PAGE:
194. Conclusions. -- (1) The two most striking figures in the history of twelfth-century theology -- Abelard and Hugh of St. Victor -- were philosophers as well as theologians. As philosophers they aimed at formulating a rational explanation of the natural order of things by the light of reason alone. As dogmatic theologians they purposed to set forth systematically the contents of Catholic Belief, and used mainly the argument from authority for this purpose. But by the subsidiary use of the dialectic method, to the advantages of which they were fully alive, they assigned to philosophy the role of an auxiliary science and thus incorporated it in a unity of a higher order. We are thus enabled to understand how philosophy figures under two distinct titles in the Middle Ages: as having an autonomous value; and as a method to serve and strengthen the science of theology (115). Under the former point of view alone is it dealt with in this history.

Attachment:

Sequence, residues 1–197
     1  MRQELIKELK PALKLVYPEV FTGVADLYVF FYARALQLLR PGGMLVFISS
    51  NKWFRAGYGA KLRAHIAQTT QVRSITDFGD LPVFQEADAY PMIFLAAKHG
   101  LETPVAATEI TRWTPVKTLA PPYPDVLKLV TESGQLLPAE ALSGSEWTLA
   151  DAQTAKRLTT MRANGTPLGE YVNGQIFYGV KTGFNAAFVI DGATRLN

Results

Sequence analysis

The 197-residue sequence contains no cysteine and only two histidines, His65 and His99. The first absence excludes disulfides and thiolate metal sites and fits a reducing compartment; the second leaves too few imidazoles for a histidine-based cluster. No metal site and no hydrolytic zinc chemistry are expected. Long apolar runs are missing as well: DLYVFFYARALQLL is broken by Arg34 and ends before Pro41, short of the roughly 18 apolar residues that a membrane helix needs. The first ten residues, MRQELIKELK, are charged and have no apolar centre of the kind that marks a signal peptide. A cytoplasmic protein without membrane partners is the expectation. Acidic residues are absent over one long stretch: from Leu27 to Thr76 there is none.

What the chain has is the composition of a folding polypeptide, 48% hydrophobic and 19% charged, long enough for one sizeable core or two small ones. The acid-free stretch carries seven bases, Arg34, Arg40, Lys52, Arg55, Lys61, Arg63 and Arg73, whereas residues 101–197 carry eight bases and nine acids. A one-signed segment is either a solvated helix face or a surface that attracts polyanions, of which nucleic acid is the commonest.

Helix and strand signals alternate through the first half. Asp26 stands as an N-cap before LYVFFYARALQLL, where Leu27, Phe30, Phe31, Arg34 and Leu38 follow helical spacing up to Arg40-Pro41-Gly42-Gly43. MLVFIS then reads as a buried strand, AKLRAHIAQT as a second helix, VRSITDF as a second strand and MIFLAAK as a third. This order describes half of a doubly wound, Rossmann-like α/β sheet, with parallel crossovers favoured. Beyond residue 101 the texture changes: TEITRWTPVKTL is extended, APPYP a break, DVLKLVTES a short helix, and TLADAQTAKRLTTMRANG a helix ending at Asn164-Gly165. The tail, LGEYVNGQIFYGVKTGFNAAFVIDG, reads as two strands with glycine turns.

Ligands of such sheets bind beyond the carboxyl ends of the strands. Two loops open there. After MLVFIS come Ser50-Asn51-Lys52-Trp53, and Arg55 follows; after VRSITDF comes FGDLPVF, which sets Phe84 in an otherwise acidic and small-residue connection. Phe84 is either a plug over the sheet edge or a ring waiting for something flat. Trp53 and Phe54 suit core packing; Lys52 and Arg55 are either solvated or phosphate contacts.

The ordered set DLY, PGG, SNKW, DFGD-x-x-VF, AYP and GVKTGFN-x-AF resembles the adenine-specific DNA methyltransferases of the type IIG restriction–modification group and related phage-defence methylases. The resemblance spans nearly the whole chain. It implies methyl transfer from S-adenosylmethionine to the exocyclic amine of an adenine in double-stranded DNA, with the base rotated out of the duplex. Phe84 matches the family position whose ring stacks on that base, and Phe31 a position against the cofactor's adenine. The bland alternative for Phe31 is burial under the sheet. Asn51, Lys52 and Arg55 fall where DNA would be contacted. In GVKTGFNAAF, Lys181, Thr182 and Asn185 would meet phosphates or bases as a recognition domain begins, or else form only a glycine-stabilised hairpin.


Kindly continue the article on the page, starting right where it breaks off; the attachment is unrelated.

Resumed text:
(2) There were also theologians who would not be philosophers; so far as we know, there were no philosophers who were not, at some moments of their scholastic speculations, theologians also.
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